There are now two Ampaire electric EELs* flying, courtesy of Ampaire Aviation. The second test vehicle recently set a world record, staying in the air for two hours and 32 minutes, covering 341 miles at an average speed of “around 135 mph.”
A six-seat Cessna 337 “Skymaster,” the “push-pull” twin has been modified by Ampaire “with an electric motor in the nose and traditional [internal] combustion engine in the rear. The paired powerplants act as a parallel hybrid, both electric and ICE units providing thrust simultaneously.
Ampaire flew an electric-and-gas-powered Cessna 337 this year. With assistance from Ikhana, a modification and conversion specialist, Ampaire replaced the 337’s rear engine (which drives a pusher prop) with an electric propulsion system, leaving the forward engine in place.
It is now swapping the configuration around – putting the engine in the back and moving the electric system forward, with batteries removed from the cabin and installed in a pod under the aircraft.
Ampaire’s partner on the 337, Hawaii-based Mokulele Airlines, will fly the aircraft in this new configuration in the first quarter of next year, according to Brice Nzeukou, Ampaire Product Manager.
A Quite Normal Cross-Country Flight
Ampaire reported, “The craft took off from Camarillo Airport just north of Los Angeles at 12:20 PM. Test pilot Justin Gillen and Flight Test Engineer Russell Newman, flew up California’s Central Valley at 8,500 feet, landing at Hayward Executive Airport at 02:52 PM.” Gillen explained, “The mission was a quite normal cross-country flight that we could imagine electrified aircraft making every day just a few years from now.”
The record flight followed four weeks, 23 flights, and 30 hours (“with 100-percent dispatch reliability) since the Hawai‘i Bird first took to the air. Ampaire’s general manager Doug Shane said, “Our success in taking this aircraft in a short period from the test environment to the normal, everyday operating environment is a testament to our development and test organization, and to the systems maturity we have achieved with our second aircraft.”
The Hawaiʻi Bird, so named because it will take part later this year in a series of demonstration flights with Hawaiʻi-based Mokulele Airlines on its short-haul routes, will be partially disassembled in Hayward for shipment to Hawaiʻi. The Hawaiʻi flight trials are funded in part by Elemental Excelerator, a cleantech incubator headquartered in Honolulu.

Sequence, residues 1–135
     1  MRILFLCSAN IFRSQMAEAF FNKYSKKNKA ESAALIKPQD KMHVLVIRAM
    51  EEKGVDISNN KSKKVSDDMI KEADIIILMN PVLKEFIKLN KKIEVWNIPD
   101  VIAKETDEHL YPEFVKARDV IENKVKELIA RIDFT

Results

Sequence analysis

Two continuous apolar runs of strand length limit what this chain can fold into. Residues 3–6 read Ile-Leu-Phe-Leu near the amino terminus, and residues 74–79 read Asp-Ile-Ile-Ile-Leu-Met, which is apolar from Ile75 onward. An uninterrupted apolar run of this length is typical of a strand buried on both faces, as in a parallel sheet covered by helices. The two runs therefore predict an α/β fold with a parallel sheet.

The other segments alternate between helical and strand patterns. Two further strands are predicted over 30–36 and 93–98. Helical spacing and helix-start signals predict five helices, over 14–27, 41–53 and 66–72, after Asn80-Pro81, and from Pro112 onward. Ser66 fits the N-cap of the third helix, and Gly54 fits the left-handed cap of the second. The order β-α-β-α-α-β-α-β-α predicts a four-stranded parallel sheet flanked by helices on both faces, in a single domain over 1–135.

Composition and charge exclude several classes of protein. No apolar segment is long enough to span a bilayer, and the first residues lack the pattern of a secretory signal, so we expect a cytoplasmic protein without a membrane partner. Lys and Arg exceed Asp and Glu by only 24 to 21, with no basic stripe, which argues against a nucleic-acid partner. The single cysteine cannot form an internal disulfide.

Ampaire’s electric EEL will serve as “a testbed aircraft for the development of high-powered electronics, inverters, motors, and related systems.” A platform for developing scalable technology and certification processes, the EEL can also serve owner-flown, charter and short-haul regional airline/cargo carriers. The EEL will have operational costs cut with fuel savings of 50 to 70 percent and maintenance costs only 25 to 50 percent of the conventionally-powered original. The hybrid electric system will provide safe transport between islands, able to hop 200 miles with reserves while carrying three passengers or 450 pounds of cargo.
According to Ampaire, “These flight demonstrations will mark the first time an electrically powered aircraft has flown under an FAA ‘Market Survey’ experimental aircraft certificate in order to gain real-world flight experience.” Beyond Mokulele’s interest, PAX (Personal Airline Exchange) ordered 50 EELs last year.
*According to Wikipedia, “EEL refers to the original 337 designation, with the characters reversed.”
A Four-Motor Electric Otter
Ampaire’s CEO Kevin Noertker said, “The Electric EEL is our first step in pioneering new electric aircraft designs. Our next step will likely be a 19-seat hybrid electric retrofit program that will lower emissions and operating costs, benefiting regional carriers, their passengers and their communities.”
Ampaire and aircraft services company Ikhana have been designing a 19-seat (or 4,000 pounds of cargo) hybrid-electric aircraft based on the popular de Havilland Twin Otter aircraft, to be called the Eco Otter SX, since October 2019 as part of a NASA-funded project.
Like the EEL, the Otter will save 20 to 30 percent on fuel and 10 to 25 percent on maintenance. The Twin Otters may become four motor craft with hybrid propulsion using a Diesel engine to generate electricity and a full electric system, according to Brice Nzeukou.
The companies expect to complete their study by the end of the year and have the modified 337 certificated by the end of 2021. Even grander plans are on the horizon.